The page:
Theory of Knowledge

Okay, here’s my topic for today.

Sorry I’ve been MIA for a hot minute, things got hectic with classes/work/home life (it’s still pretty crazy), but I need a break; I’m here now.

I am only taking 12 credits this semester (3 cr. per course) and the hardest course I have is turning out to be my philosophy course. I’m still wondering if it’s because I never did take a Philosophy course in all my five years of college — or what. Tis the third week of spring 2017 and I feel as if I’m suffering.

The philosophy course is a 300-level one (so it’s not that bad) and it is called Theory of Knowledge–hence the title of today’s post! We’ve only touched on four philosophers so far… Foucault, Descartes, Wittgenstein, and Stroud.

Foucault speaks on the relationship between truth and power. Basically, that those in power (whoever or whatever that may be) influence the way others view or believe to be the truth. If you’re curious, look up Bentham’s Panopticon design that Foucault uses as a metaphor to explain further how it works.

Descartes‘ and Wittgenstein‘s theories go hand in hand… and I do not have a firm grasp on any of it. Ever heard of that phrase “cogito ergo sum“? It translates from Latin to “I think, therefore I am”. Descartes coined this phrase. To be honest, it’s just nice to say something in Latin… LOL.

From what I understand (which is not much, in this case), Descartes had a grand question; a question that philosophers are still trying to answer and figure out. Basically, he asked the question of whether or not what we do at any point in time is actually happening. Or are we just dreaming? How would we know we are dreaming or not? How do we know what reality really is if we have never experienced a real reality?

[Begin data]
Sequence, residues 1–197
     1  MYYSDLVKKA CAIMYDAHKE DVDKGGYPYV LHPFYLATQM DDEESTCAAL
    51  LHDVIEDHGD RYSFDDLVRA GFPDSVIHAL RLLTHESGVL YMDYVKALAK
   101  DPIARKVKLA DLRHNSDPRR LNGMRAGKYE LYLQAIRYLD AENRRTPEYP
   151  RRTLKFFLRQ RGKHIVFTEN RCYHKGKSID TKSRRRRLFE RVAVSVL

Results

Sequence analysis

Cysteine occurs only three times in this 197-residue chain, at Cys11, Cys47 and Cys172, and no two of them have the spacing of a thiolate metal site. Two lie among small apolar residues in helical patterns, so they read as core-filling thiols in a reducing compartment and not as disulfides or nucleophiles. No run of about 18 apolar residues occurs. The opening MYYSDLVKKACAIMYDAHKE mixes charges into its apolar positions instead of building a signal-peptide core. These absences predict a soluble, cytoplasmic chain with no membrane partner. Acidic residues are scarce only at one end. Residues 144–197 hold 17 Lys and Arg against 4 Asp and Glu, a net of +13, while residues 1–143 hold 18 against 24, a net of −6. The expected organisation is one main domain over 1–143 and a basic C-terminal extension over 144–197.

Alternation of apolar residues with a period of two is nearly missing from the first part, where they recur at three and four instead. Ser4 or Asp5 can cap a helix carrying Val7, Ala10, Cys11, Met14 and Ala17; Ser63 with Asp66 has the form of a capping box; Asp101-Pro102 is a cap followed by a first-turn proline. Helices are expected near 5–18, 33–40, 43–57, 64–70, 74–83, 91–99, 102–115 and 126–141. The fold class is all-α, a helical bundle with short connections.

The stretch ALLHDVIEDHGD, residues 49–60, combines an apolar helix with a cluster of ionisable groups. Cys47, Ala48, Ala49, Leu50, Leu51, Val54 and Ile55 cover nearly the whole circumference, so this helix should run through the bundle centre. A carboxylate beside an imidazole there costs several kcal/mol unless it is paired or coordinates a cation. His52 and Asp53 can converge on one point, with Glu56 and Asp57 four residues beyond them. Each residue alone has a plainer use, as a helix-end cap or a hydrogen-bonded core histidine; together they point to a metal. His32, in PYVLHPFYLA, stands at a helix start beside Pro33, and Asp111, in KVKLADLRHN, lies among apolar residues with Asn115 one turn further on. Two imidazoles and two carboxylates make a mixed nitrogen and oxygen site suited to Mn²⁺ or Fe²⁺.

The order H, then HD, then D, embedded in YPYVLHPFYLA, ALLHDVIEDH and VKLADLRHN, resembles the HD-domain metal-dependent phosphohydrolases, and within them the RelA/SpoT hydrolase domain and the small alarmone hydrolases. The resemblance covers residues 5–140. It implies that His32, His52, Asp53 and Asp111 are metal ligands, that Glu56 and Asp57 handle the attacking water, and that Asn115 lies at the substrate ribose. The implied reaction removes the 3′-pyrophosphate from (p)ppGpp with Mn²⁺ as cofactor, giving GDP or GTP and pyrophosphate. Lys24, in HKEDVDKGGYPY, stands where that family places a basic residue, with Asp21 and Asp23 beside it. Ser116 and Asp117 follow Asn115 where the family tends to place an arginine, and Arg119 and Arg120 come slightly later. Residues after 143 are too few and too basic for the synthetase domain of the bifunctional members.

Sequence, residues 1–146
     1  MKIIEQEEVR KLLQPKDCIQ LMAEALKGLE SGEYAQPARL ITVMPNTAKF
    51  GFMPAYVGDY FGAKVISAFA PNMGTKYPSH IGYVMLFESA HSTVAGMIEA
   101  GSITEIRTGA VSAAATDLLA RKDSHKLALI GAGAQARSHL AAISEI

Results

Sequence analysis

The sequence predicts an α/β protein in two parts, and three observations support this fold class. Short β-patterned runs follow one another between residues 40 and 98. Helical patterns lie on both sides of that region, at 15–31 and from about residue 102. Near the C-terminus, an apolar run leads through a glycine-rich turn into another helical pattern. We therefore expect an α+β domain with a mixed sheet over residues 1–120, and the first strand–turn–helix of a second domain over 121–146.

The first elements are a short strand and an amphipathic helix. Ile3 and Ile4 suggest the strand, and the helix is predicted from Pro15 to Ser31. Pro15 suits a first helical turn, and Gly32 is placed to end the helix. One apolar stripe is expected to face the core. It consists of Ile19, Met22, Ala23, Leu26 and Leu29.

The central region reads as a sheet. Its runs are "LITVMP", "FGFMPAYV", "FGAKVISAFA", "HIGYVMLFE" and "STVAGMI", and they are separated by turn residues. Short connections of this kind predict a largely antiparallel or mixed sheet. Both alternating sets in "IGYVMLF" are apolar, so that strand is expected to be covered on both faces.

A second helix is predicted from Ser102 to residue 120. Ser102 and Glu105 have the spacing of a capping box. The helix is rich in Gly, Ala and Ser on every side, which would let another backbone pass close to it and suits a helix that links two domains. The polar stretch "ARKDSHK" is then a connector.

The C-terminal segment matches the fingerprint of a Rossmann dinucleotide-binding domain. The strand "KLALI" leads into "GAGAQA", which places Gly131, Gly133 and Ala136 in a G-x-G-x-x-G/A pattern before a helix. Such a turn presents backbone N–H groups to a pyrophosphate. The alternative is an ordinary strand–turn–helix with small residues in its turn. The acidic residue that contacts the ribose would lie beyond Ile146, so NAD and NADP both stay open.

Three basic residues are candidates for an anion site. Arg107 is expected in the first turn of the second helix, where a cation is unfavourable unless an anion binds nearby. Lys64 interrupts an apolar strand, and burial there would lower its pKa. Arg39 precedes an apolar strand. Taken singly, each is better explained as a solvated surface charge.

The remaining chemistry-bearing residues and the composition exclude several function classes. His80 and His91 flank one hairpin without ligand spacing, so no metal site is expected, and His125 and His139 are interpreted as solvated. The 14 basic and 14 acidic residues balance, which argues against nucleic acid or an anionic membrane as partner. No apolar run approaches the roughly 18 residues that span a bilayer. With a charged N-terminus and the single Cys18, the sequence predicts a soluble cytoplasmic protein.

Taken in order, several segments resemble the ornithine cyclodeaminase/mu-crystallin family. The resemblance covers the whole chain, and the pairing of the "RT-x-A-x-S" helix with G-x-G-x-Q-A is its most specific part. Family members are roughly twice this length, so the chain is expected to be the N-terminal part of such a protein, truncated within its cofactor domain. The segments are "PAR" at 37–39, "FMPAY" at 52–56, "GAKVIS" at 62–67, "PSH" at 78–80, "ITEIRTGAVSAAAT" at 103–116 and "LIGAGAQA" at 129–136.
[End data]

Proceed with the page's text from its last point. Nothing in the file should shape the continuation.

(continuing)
The day we discussed this in class, I felt like I had truly gone mad. These are existential questions… and It makes me feel like I am descending into a rabbit hole. I lost a bit of Wittgenstein’s theory because I was falling asleep. All I got from his part of the lecture was “The Language Games”. Again, from my limited understanding of this topic (and some helpful explanation from a Philosophy minor), the language games are basically the interaction between every person you meet in your life. The language you use to communicate influence the way you think and look at others and also kinda sorta relates to societal norms.

Stroud detailed and agreed with Descartes’ theory … and that’s kind of all I got from him. Tonight I need to read Vogel, I have no idea who this person is, but apparently he disagrees with Descartes. This kinda makes me feel better because Descartes’ theory just leads me to think that there is no point of life. Glad someone else disagrees as well.

I may or may not continue giving updates about this… but I hope you have a fabulous night/morning.

Happy Curl, Happy Girl

Signing off,

Curly Island Girl 

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